As a general rule, the SBA is prohibited from accepting a solicitation into the 8(a) Business Development Program if the procuring agency previously expressed publicly a clear intent to award the contract as a small business set-aside.
On its face, this restriction seems clear. In practice, it can be anything but—the inquiry usually focuses on whether the agency’s prior intent was definitive enough to count.
In SKC, LLC, B-415151 (Nov. 20, 2017), GAO provided important clarity about this restriction.
In 2011, SKC was awarded a small-business set-aside contract by the Defense Intelligence Agency, for facility support services for DIA’s Directorate of Logistics Operations Center (“DLOC”). Before SKC’s contract ended in September 2016, DLA notified SKC that because of an anticipated change in acquisition strategy, DLA would issue SKC a bridge contract before recompeting the work. As SKC’s contract expired DLA, issued SKC a non-competitive bridge contract with a one-year base period and a single one-year option.
In early 2017, DLA held industry days with potential contractors to discuss upcoming competitions. At those industry days, DLA forecasted the follow-on DLOC award would be set-aside for small businesses. But DLA gave attendees an important caveat: its acquisition forecasts were tentative, and no final decision regarding the procurements had been made.
A couple of months later, however, DLA asked the SBA to accept the DLOC requirement as an 8(a) sole-source award to IKun, LLC. DLA identified the procurement as a new requirement, valued at over $20 million, which would be fulfilled under one base year and two one-year options. After the SBA accepted the requirement into the 8(a) Program, DLA advised SKC that it would not exercise the option under its bridge contract.
SKC then protested to GAO, challenging the validity of the sole-source award. According to SKC, DLA’s decision to procure the work under the 8(a) Program was contrary to its publicly-stated prior intent to award the contract to a small business.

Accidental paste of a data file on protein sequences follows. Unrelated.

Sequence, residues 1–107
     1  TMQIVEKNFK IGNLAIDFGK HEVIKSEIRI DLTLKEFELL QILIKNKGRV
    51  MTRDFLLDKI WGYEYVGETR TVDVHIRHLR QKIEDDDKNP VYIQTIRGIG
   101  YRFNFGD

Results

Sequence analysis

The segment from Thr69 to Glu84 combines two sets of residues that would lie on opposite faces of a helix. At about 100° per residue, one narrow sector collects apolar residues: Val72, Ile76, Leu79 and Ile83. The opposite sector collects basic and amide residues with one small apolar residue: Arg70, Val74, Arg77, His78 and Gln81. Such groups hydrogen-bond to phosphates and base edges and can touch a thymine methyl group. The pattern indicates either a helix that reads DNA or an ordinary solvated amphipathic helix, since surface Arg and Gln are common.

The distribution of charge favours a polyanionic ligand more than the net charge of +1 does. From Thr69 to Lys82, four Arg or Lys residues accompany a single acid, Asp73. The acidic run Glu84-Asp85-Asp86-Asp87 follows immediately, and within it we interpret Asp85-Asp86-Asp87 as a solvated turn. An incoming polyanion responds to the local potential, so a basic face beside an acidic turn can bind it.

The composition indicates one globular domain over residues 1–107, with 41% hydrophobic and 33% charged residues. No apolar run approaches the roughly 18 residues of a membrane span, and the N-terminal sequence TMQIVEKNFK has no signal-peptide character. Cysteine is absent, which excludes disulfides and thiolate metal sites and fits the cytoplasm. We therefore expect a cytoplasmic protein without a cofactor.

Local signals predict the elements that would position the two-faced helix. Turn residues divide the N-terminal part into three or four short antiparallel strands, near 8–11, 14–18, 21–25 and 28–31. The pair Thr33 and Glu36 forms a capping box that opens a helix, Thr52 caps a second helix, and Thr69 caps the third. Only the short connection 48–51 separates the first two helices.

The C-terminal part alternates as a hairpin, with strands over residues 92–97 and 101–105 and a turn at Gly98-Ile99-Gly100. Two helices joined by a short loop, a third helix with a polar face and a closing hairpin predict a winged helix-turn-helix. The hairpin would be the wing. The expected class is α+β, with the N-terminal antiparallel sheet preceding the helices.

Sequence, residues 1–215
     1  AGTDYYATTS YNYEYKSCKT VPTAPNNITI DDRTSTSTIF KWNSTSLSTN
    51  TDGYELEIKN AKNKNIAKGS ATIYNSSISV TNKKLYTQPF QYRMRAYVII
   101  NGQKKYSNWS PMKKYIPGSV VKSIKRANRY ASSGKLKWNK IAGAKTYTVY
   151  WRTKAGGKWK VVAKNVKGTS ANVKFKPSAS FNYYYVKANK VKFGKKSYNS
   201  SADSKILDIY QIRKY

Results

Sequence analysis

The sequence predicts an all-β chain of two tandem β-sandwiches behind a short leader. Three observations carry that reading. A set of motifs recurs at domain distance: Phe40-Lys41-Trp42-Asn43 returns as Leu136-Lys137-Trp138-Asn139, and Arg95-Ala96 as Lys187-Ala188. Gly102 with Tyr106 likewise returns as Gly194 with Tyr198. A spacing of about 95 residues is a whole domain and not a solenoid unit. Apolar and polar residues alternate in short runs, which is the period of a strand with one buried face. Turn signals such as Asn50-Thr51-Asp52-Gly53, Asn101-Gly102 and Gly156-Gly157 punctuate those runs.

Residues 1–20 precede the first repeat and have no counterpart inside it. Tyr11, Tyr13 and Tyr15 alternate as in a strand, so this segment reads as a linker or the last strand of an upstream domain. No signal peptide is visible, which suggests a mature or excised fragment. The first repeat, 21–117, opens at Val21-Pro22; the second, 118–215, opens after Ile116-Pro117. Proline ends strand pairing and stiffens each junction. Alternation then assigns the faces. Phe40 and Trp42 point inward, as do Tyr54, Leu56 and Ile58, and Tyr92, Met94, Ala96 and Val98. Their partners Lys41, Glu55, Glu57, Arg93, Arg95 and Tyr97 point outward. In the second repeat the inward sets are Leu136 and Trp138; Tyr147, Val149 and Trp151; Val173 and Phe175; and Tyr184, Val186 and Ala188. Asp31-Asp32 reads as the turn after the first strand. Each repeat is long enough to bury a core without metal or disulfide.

Under the 8(a) Program’s prior intent restriction, the SBA is prohibited from accepting a procurement for an award as an 8(a) contract when
The procuring activity issued a solicitation for or otherwise expressed publicly a clear intent to award the contract as a small business set-aside [or to HUBZones, SDVOSBs, or WOSBs] prior to offering the requirement to SBA for award as an 8(a) Contract. However, the [SBA’s Associate Administrator/Business Development] may permit the acceptance of the requirement under extraordinary circumstances.
Because DLA told industry day attendees in early 2017 that the procurement might be issued as a small business set-aside, SKC asserted that the SBA and DLA violated this restriction.
GAO disagreed, based largely in part on the SBA’s feedback. That is, in response to the protest, GAO requested the SBA to weigh in on whether DLA had publicly expressed a clear intent to issue the solicitation to small businesses. The SBA said no, because DLA provided multiple disclaimers to industry day attendees that its acquisition plan was not final and was subject to change. Neither was there any pre-solicitation notice, synopsis, or solicitation issued for the work that indicated it would be set-aside for small businesses. In short, the SBA concluded that DLA’s statements were not definitive enough to count as a clear public intent.
Affording the SBA deference to interpret its own regulations, GAO agreed with the SBA’s analysis and denied the protest:
SKC has provided no basis for us to disagree with the SBA’s interpretation that 13 C.F.R. § 124.504(a) does not limit SBA’s ability to accept a procurement into the 8(a) program when a procuring agency does not issue a pre-solicitation notice, synopsis, or solicitation to procure the requirement as a small business set-aside, but simply states that the requirement will be issued as a set-aside as part of a forecast with multiple disclaimers that the information is subject to chain.
This decision provides important clarity to the 8(a) Program’s prior intent restriction. It’s not enough for the agency to tell offerors that a solicitation might be set-aside for small businesses; the agency’s intention must be more definitive.
Small businesses and 8(a) participants should take note of this decision given its potential impact to both programs. If you have any questions as to how it might impact your business, please give me a call.